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    Post Re: The Irish are not celts, say experts

    Out of curiousity, why is the Keltic Nordic type called Keltic Nordic? Why the attached Nordic to the end of it?

    I'm not trying to back up or tear anything down... it's just something that's never been clear to me.

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    Post Re: The Irish are not celts, say experts

    What haplotypes do Keltic Nordics tend to be?

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    Post Re: The Irish are not celts, say experts

    Quote Originally Posted by nordic_canadian_male
    so the keltic nordic, may in fact be purely atlantid. That's why the forehead slopes more, even though alpine should be a component, because there isn't any. I always thought this. keltic nordic, a basic white type gracialized, and made depigmented by the northern climate, not nordic at all.
    There may be some truth in that, besides I wouldn't rule out any admixture in the UK that lead to similar phenotypes as in Continental Europe. With Nordic, Borreby or Scottish UPs for example (all that based on Atlantid substrate as you said).

    How did these solely English guys came to their paedomorphic aspects, as well as other Alpinoid features?






    Meg Ryan and Janine Turner have some Alpine in them too, but they're US-Americans despite of that.


    Even Tolkien looked more Central than Atlantic or Nordic. He could be taken for a Dinaric/East Alpine mix with a small Borreby strain.

    Last edited by Gareth; Thursday, September 9th, 2004 at 04:44 PM.

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    Post Re: The Irish are not celts, say experts

    I'm not sure how the researchers tested for "Celtic genes". As far as I'm aware there are no markers which are specifically "Celtic", so that is rather misleading. I suspect that what they have done is test people in central Europeans lands where the Celtic homelands where believed to have been. As they didn't match up very well with Irish genetic survey tests, they've concluded the Irish aren't Celts. However, it must be remembered that loads of different peoples have migrated into those central European lands over the last couple of thousand years - Romans, Germanics, even Huns. It's very unlikely that the genetics of Central Europe are the same as those of the Celtic lands of 2000 years ago and beyond.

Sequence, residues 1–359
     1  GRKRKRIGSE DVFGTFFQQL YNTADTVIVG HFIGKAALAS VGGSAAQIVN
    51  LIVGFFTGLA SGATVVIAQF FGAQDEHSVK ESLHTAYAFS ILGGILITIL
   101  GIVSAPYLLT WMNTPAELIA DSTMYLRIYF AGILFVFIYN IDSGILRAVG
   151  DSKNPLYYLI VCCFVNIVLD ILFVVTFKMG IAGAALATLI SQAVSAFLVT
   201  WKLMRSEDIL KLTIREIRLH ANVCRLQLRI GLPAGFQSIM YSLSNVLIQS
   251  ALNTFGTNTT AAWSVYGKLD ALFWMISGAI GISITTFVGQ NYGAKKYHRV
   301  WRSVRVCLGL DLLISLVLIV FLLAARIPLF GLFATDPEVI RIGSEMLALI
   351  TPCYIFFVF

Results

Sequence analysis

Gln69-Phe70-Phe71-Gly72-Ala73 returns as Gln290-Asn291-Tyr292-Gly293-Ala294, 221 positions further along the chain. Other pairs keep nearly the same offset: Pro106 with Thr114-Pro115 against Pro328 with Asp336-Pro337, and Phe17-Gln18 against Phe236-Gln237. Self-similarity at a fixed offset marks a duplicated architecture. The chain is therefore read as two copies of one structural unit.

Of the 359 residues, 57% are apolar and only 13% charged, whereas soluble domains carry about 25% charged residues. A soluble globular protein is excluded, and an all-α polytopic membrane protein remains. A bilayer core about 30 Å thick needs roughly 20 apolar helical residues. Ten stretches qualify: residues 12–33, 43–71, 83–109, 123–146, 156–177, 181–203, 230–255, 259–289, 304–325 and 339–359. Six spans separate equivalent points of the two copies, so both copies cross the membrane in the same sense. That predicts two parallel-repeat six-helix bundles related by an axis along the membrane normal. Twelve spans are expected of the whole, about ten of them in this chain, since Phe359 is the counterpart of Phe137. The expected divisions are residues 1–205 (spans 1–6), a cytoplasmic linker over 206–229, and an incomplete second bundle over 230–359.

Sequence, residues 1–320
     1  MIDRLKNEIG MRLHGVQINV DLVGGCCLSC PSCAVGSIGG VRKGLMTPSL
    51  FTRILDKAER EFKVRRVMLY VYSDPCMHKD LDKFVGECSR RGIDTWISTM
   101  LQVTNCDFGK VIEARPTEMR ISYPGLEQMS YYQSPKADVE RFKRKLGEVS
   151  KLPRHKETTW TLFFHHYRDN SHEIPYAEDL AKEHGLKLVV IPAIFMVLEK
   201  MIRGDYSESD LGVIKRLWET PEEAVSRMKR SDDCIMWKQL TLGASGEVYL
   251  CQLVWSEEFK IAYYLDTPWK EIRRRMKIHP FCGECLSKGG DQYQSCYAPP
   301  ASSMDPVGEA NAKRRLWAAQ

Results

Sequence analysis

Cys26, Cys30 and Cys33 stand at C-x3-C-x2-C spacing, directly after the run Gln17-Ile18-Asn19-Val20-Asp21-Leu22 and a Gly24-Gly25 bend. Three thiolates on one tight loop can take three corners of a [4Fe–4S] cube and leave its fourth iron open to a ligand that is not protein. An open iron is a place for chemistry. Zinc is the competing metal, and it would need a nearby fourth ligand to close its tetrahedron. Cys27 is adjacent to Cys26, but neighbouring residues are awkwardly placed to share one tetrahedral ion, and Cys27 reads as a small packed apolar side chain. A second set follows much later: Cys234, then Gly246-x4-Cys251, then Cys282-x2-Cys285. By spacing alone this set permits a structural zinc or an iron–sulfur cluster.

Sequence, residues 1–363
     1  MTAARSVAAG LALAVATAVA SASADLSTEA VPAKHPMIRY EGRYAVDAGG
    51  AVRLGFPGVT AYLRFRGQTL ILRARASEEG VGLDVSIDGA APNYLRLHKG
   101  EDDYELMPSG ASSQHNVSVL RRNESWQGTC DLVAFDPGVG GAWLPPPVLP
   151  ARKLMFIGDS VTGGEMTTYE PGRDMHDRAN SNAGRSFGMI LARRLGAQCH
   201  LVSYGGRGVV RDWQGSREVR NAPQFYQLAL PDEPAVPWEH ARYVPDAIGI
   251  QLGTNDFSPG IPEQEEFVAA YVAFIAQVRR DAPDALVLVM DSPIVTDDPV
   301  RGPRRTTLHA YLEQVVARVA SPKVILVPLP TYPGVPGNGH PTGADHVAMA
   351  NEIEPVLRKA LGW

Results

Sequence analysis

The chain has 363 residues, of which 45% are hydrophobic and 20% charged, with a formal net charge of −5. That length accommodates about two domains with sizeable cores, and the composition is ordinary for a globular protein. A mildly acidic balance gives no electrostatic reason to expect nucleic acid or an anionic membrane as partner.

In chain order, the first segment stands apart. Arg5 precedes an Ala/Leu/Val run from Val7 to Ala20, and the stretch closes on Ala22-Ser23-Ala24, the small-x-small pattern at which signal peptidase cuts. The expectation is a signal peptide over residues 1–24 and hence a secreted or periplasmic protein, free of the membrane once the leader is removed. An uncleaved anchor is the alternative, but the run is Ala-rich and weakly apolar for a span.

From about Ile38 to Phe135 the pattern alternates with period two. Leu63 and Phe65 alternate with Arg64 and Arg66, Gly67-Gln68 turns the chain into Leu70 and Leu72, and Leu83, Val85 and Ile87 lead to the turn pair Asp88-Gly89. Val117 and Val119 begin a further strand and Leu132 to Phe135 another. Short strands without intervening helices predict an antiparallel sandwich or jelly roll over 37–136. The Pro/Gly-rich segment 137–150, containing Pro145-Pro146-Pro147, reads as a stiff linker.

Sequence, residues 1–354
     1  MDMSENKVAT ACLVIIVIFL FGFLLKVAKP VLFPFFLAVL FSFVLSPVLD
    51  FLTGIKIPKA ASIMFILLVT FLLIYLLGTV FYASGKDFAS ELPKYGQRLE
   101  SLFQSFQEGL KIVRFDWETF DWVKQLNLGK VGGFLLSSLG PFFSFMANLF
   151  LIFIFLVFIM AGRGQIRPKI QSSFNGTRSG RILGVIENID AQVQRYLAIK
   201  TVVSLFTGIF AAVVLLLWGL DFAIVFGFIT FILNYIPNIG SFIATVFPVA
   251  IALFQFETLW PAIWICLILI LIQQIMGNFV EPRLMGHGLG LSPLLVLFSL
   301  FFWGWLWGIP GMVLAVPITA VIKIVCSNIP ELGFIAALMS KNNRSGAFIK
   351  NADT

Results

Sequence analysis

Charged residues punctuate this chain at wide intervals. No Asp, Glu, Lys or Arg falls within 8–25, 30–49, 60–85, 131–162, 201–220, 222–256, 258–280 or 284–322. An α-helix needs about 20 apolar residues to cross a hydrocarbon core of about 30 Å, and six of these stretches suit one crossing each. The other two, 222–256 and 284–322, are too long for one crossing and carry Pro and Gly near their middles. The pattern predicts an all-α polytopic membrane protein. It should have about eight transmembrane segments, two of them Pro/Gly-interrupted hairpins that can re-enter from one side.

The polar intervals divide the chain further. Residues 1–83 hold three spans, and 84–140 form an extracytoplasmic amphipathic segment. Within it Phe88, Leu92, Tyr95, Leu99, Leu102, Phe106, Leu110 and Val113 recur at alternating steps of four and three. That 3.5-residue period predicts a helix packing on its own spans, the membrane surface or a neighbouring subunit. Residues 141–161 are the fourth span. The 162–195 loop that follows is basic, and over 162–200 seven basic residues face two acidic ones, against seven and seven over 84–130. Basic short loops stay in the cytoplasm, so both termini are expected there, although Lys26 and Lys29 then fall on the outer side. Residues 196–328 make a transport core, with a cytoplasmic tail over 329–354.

However, it is true that Ireland does seem to be predominantly Paelolithic among it's paternal genetic line.
    It does correspond to genetics in Iberia and western Scandinavia. This relates to the original inhabitants of Europe, before farming and agriculture arrived from the near east with Neolithic people.
    It has been said that along with the Basques, the Irish are descended from the original human inhabiatants known as "Old Europeans", who lived in this continent before the arrival of Indo-Europeans (Aryans) from Eurasia during the Neolithic period.

    I do however, dispute that Celts never settled in Ireland.
    Perhaps in the modern era, culture can spread to other lands via the medium of cinema, television, popular music, etc. But thousands of years ago, it's hard to imagine culture spreading across continents and vast areas of land without people actually bringing that culture with them. In addition, the records and oral histories of the ancient Gaels (as well as classical authors) relate the migrations of their own and previous peoples. Archaelogical and linguistic evidence backs this up.
    If we look at agriculture - that is a monumental advance in human civilisation. and yet even such a profound discovery didn't simply travel by "cultural diffusion", as we find Neolithic genetic markers all over Europe. Obviously, Neolithic peoples took the practice of farming with them as they migrated around the continent. Similarly, I doubt Celtic speech, religion, metal-working, decoration and the rest of their culture just expanded around Europe without the Celts actually taking it with them as they migrated. The idea that other people suddenly discarded their own culture and adopted Celtic culture while the Celts all just sat at home is hard for me to believe.



    I think this is a sneaky way of trying to undermime the Celtic identity of Ireland, possibly in a bid to smooth the way for multiculturalism which is always made easier when a strong ethnic identity is no longer present in the national consciousness

    I'm told that Bradley's principle field before now has been genetics in cattle
    Last edited by Milesian; Thursday, September 9th, 2004 at 04:45 PM.

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    Post Re: The Irish are not celts, say experts